My mother used to tell me that I never looked where I was going. She was right. I still don’t. I have been known to trip over my own two feet. I have fallen in holes and ended up with bruises from bumping into furniture that hasn’t moved in 43 years. That is what my story is about today. No not furniture but my clumsiness or inattention.
“Hey Wanda!” I waved and called to my best friend as I stepped out of the car and headed toward Flossie’s new little Japanese import. The gang was all together all of ‘the six’. We met every morning in the parking lot before class to get a run down on the evening before and talk about the day ahead. This was a time before cell phones and texting, tweeting was something that birds did and Facebook was a photo album. Our communications consisted of passing notes in class and chatting over burritos at lunch.
We sat in Flossie’s car for few minutes singing along with Captain and Tennile on the radio. We gathered our homework, fluffed our hair and grabbed our books and headed across the street for class. It was a beautiful spring morning near the end of our sophomore year in high school. The six of us had been friends since seventh grade. We met in P.E. class. We were the outcast. We were not athletic nor were we popular. Not a single one of us could last more than 30 seconds in the bent arm hang. We would huddle together walking through the crowded halls or in the corner of the girl’s dressing room in hopes that the mean girls would either be intimidated by our shear number or not notice us at all.
I stepped off the curb and walked toward the middle of the street. My notebook and school books where suddenly flying through the air in slow motion. I was spinning, spinning, spinning. I felt as if the world was in slow motion and I was weighed down with something very heavy. It wasn’t until I was flat on my back with the tire next to my head did I hear the screams of my best friend. I looked around wondering why she was screaming but all I could see was the underside of a Buick. One minute I’m singing David Allan Coe “You don’t have to call me darling, darling…” and the next I’m in the middle of the street under a Buick station wagon.
The police arrived just about the time I headed toward the schools administration building. The officer grabbed me and made me sit down on the curb. I looked around and saw my fellow classmates and friends starring at me. Then I saw her. She was standing next to the man in the station wagon. She was pointing at me and saying something to station wagon man. She was the head mean girl of our school. She was cheerleader material, she was a track star, she could do to the bent arm hang for 30 minutes and not bat an eye. She could do all of these things and looked like Ali MacGraw, you know that chick that dies in Love Story. Oh come on you know “love means never having to say you’re sorry…” yeah that one. Why would she be talking to Mr. Station Wagon?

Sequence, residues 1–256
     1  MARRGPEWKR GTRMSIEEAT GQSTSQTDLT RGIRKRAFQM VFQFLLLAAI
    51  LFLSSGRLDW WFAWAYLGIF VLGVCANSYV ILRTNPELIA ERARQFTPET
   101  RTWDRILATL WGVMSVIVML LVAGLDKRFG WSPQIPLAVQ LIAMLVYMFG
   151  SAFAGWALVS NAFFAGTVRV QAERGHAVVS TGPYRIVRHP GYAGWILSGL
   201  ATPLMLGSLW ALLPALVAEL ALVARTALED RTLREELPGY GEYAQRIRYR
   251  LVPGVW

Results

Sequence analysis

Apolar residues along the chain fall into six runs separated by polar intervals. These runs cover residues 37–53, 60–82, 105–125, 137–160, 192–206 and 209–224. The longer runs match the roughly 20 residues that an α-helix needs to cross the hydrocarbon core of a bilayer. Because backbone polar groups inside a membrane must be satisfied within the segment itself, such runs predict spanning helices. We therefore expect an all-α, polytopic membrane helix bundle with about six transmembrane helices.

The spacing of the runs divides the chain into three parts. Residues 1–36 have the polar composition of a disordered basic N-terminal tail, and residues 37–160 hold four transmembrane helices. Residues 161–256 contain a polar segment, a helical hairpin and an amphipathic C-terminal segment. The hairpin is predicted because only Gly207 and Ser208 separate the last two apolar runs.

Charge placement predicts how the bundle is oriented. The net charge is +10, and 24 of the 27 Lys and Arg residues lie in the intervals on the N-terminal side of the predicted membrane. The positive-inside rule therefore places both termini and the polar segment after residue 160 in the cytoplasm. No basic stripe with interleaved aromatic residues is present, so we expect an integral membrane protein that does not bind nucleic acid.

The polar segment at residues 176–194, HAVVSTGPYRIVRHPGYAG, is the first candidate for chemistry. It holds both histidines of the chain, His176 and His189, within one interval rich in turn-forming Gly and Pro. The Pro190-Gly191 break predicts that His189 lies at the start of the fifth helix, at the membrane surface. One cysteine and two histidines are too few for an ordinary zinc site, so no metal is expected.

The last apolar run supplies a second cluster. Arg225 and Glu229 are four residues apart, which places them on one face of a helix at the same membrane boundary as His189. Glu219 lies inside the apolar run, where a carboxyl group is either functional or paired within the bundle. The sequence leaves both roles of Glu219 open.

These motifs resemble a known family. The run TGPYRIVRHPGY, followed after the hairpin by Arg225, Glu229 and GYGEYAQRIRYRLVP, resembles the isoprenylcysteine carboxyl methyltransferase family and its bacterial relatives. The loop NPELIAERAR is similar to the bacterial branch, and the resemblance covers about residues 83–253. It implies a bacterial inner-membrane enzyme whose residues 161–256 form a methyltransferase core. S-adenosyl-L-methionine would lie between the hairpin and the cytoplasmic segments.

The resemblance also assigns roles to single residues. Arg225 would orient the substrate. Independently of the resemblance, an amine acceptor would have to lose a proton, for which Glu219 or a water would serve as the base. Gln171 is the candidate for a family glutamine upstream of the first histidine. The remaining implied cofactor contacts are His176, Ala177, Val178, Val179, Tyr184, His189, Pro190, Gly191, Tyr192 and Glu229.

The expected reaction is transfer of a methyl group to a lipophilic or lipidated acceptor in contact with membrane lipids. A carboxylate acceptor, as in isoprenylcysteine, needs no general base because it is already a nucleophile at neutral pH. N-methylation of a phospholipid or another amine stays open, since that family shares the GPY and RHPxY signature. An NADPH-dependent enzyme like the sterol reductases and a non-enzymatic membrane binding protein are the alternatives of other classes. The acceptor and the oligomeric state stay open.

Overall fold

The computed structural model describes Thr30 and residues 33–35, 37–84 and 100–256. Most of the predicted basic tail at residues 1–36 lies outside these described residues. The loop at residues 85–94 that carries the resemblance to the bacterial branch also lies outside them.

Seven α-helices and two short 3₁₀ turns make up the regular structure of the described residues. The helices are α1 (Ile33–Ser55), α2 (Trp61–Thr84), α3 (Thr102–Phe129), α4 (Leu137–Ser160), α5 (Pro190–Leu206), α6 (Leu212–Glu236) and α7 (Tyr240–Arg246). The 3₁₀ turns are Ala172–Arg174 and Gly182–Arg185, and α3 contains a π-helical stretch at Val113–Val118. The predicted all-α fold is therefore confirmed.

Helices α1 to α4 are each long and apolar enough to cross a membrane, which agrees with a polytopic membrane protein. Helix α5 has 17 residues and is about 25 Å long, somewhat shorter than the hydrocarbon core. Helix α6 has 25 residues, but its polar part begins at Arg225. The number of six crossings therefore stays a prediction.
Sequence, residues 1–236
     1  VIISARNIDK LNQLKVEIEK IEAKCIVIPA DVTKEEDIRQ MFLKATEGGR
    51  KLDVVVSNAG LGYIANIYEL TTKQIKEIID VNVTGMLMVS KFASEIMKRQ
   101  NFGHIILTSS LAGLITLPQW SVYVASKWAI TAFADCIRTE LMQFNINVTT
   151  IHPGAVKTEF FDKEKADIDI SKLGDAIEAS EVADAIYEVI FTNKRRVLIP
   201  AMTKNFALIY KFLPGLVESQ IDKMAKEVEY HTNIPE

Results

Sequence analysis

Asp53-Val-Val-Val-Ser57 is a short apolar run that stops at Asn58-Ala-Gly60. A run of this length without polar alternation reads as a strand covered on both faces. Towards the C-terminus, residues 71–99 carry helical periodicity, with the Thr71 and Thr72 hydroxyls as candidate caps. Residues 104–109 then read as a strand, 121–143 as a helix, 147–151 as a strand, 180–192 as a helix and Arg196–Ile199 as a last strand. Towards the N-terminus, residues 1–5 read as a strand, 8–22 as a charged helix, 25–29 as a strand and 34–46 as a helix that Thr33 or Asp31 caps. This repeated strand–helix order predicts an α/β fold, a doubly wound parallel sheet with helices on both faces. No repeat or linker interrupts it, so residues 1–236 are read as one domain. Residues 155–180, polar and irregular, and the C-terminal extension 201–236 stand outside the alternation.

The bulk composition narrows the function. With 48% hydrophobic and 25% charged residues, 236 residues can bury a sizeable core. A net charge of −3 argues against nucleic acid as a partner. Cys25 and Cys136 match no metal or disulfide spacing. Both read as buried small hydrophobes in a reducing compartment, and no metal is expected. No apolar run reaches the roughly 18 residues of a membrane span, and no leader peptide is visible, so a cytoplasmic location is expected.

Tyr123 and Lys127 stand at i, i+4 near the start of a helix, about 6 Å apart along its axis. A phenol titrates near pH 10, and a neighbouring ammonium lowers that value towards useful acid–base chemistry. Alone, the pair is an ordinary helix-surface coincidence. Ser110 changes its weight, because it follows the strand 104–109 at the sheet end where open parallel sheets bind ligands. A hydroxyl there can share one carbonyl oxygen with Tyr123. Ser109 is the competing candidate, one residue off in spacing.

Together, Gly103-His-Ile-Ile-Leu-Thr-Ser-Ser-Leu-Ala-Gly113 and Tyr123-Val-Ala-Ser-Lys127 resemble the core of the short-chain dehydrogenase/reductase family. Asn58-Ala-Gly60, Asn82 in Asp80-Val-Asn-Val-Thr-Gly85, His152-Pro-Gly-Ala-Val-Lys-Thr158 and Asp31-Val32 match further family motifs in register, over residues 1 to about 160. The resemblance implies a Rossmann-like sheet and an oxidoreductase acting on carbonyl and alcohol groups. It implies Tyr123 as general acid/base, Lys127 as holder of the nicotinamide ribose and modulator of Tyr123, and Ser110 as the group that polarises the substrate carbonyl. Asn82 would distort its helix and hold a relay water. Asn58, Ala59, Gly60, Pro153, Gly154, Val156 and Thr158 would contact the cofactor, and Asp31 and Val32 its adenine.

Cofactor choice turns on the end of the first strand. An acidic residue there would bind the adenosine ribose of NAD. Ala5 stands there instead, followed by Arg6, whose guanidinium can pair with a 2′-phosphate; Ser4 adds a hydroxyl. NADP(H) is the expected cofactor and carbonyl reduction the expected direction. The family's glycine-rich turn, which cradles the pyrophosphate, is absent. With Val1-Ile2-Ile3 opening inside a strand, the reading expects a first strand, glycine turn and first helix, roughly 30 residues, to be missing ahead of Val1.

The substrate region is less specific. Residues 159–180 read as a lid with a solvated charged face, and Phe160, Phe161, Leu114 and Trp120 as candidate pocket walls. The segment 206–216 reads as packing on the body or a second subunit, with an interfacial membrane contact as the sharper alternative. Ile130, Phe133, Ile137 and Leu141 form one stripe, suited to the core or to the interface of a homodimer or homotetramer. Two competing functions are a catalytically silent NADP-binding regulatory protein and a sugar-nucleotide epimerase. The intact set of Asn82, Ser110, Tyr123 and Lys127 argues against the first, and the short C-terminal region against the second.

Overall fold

Mr. Station Wagon and Ali MacMeangirl come walking towards me. Ali sat on the curb next to me and cried “oh my GAWD! Are you okay? I am so sorry my dad hit you with our station wagon. I never liked that car. I mean could it be any less groovy?” My eyes opened wide, my jaw hit the sidewalk and I gulped air. My mind was trying to process this information. I had been hit by a car. I had been hit by not just any car but a ginormous Buick station wagon. I had been hit by a ginormous Buick station wagon driven by a man who was afraid of my hair. I had been hit by a ginormous Buick station wagon driven by a man who was afraid of my hair and was the father of Ali MacMeangirl who made fun of my gigantic mass of frizzy hair on a daily basis in P.E. class while she was doing the bent arm hang and telling us that love means never having to say your sorry. I guess she didn’t love me because he she sat with her arm around me telling me she was sorry.
I knew one of two things was going to happen. I was either going to now be friends with Ali MacMeangirl because Mr. StationWagon was going to make her befriend me in lieu of being sued. Or, she would be relentless about me not only sucking at the bent arm hang but about my inability to walk across the street without getting hit by a car. Either way was excruciating to think about. My head was really starting to pound and I just wanted to go hide in a hole. The crowd was getting thicker by the minute and I could hear what they were saying. “I think her hair got in his way and he couldn’t see. It descended upon him like a fog.” Then from somewhere else in the crowd I heard “well if she could do the bent arm hang for more than an eighteenth of a second she could have avoided his car” I think that came from Pug Paris our gym teacher. Booming across the crowd I heard it. It was the worst statement of them all “well of course she got hit by a car. She is always going where she is looking and not looking where she is going.” You guessed it. Someone had called my mother, Nurse Meme. She had driven to the school breaking every traffic law in the book. She had parked her 1968 Thunderbird in the middle of the street behind the stationwagon. She had broken through the crowd to remind me once again of my biggest flaw. I went where I was looking instead of looking where I was going.
Saturday at the Maul
15 hours ago